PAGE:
Social media is a fickle mistress. When you put your faith in a Los Angeles social media company to manage your accounts, it can catapult you to blockbuster levels of exposure or put you through the ringer of Hollywood-style scandal. Many countries have learned these lessons individually, but I’d say that few have learned them simultaneously or handled the consequences with as much aplomb as Wendy’s internal social media team in January.
Depending on where you looked at the beginning of the year, you might have seen Wendy’s being lauded for its cool, acerbic wit, or taken to task for accidentally associating itself with groups that are widely associated with neo-Nazis. One Twitter user, @HitchDied, said it well when she accused the company’s social media team of getting “cocky” after a testy exchange with one of the restaurant’s detractors gained viral fame.
Afterwards, Wendy’s responded to a request for memes by tweeting an altered version of the “Pepe the Frog” image macro, which began its online life innocently enough but has since been co-opted by the Alt-right and declared a hate symbol. Let that be a warning to every local social media company: have a thorough understanding of the content you post before you use it to represent a brand. Wendy’s social media apparently did not do this, as indicated by the company’s subsequent apology.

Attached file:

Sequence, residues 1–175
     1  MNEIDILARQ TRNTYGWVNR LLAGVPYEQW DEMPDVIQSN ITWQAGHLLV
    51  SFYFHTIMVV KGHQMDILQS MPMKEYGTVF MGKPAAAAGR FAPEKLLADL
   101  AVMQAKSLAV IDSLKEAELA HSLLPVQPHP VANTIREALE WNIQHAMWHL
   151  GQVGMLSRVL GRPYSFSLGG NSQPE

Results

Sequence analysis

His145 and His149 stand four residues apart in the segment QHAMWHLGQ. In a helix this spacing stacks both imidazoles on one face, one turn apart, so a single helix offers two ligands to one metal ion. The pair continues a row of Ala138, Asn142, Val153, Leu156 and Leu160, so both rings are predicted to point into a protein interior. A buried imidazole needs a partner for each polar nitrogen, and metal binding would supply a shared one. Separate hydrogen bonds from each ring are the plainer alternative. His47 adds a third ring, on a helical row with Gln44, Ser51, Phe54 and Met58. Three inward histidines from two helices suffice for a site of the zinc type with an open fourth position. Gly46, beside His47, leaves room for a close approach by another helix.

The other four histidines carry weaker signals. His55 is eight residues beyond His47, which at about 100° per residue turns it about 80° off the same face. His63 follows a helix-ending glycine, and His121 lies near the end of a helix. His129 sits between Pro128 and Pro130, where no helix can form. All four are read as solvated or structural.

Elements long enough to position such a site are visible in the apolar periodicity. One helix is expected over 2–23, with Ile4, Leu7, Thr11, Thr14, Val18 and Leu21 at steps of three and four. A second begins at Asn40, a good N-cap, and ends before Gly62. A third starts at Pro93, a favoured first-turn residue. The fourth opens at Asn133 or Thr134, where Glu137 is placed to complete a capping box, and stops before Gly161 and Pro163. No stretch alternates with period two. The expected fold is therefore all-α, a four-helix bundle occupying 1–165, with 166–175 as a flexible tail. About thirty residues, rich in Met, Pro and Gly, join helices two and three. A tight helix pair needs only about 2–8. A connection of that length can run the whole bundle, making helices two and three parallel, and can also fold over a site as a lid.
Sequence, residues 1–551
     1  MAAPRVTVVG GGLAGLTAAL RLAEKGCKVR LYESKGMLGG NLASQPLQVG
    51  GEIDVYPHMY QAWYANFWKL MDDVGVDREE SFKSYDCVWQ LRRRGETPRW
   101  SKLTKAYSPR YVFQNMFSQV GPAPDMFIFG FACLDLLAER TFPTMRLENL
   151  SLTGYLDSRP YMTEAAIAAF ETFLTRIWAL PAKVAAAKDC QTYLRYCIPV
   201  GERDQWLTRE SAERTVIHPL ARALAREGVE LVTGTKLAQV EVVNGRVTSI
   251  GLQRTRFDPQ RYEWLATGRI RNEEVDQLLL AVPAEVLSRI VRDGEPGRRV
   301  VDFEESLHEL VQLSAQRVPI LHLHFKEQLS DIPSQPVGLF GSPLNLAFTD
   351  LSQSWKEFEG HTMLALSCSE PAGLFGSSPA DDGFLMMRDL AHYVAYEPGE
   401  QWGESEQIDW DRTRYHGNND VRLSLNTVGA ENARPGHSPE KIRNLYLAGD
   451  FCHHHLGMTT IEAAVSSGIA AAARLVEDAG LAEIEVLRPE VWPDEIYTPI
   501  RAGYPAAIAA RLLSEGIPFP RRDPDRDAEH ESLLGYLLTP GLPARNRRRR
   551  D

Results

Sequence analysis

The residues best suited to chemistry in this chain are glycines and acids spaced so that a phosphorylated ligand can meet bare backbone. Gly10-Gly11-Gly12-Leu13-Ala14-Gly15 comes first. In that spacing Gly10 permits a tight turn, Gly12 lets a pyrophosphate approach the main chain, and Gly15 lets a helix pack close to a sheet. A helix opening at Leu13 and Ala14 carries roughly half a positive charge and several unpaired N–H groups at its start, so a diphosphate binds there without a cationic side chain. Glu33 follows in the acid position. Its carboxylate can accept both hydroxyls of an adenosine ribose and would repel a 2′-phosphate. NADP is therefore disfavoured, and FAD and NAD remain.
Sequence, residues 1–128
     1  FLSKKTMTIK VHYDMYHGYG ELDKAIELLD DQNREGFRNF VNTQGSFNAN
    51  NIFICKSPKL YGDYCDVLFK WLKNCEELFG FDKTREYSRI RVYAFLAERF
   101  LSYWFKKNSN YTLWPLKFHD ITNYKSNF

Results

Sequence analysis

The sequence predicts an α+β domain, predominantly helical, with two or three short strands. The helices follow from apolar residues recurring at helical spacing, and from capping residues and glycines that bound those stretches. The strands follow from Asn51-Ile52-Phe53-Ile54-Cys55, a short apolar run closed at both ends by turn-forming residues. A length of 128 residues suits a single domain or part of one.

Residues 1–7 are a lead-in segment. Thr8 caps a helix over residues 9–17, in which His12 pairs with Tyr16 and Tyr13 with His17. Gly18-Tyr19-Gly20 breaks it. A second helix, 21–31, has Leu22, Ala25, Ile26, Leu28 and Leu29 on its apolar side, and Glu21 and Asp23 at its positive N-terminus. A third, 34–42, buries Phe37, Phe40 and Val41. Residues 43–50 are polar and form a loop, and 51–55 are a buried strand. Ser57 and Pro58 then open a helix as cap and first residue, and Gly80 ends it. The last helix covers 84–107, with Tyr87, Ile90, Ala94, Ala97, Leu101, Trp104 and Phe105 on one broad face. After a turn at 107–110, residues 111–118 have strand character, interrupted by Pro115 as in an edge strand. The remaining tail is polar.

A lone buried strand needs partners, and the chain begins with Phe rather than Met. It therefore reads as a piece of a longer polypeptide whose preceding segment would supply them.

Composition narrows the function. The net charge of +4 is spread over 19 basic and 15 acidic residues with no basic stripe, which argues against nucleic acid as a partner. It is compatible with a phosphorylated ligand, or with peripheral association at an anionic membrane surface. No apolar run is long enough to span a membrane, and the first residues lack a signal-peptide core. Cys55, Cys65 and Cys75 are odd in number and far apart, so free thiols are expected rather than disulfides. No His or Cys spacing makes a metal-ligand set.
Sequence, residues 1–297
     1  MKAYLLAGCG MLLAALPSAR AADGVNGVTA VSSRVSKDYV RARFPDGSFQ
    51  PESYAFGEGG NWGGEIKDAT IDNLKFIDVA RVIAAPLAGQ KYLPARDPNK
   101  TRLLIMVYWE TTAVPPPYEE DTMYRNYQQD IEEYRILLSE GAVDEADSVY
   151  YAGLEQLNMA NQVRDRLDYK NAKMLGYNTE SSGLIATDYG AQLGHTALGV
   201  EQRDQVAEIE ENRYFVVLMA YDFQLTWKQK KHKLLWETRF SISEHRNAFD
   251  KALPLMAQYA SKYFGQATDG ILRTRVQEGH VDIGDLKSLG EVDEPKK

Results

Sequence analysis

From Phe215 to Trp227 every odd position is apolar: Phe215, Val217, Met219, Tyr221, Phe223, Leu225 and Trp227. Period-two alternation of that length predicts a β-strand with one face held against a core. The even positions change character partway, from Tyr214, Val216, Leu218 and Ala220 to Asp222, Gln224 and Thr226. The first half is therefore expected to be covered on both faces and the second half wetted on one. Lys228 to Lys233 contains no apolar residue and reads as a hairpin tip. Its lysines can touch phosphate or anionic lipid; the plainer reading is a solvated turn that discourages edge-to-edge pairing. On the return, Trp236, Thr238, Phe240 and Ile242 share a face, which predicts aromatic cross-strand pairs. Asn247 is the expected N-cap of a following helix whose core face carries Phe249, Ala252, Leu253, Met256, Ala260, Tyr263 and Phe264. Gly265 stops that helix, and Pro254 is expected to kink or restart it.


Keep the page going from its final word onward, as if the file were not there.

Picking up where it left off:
But in an environment where little mistakes can blow up into public relations disasters, this doesn’t seem to have left Wendy’s much worse for the wear. In fact, the overwhelmingly positive “viral takedown” stories have arguably survived longer on most areas of the web. The social media team’s quick apology (backed up by individual apologies on Twitter) has probably helped with that. And there’s another lesson for local social media companies there, about the importance of attentive and direct PR.
But it also seems quite possible that Wendy’s viral fame, and its particular kind of viral fame, helped to insulate the company against the potentially disastrous effects of the Pepe meme. By humanizing the Wendy’s Twitter account and making it seem cool and casual, the company’s social media team may have encouraged people to see certain mistakes as honest missteps, like those that might be made by a clumsy friend, instead of seeing them as the tone-deaf communications of a faceless corporation or some dispassionate Beverly Hills social media company.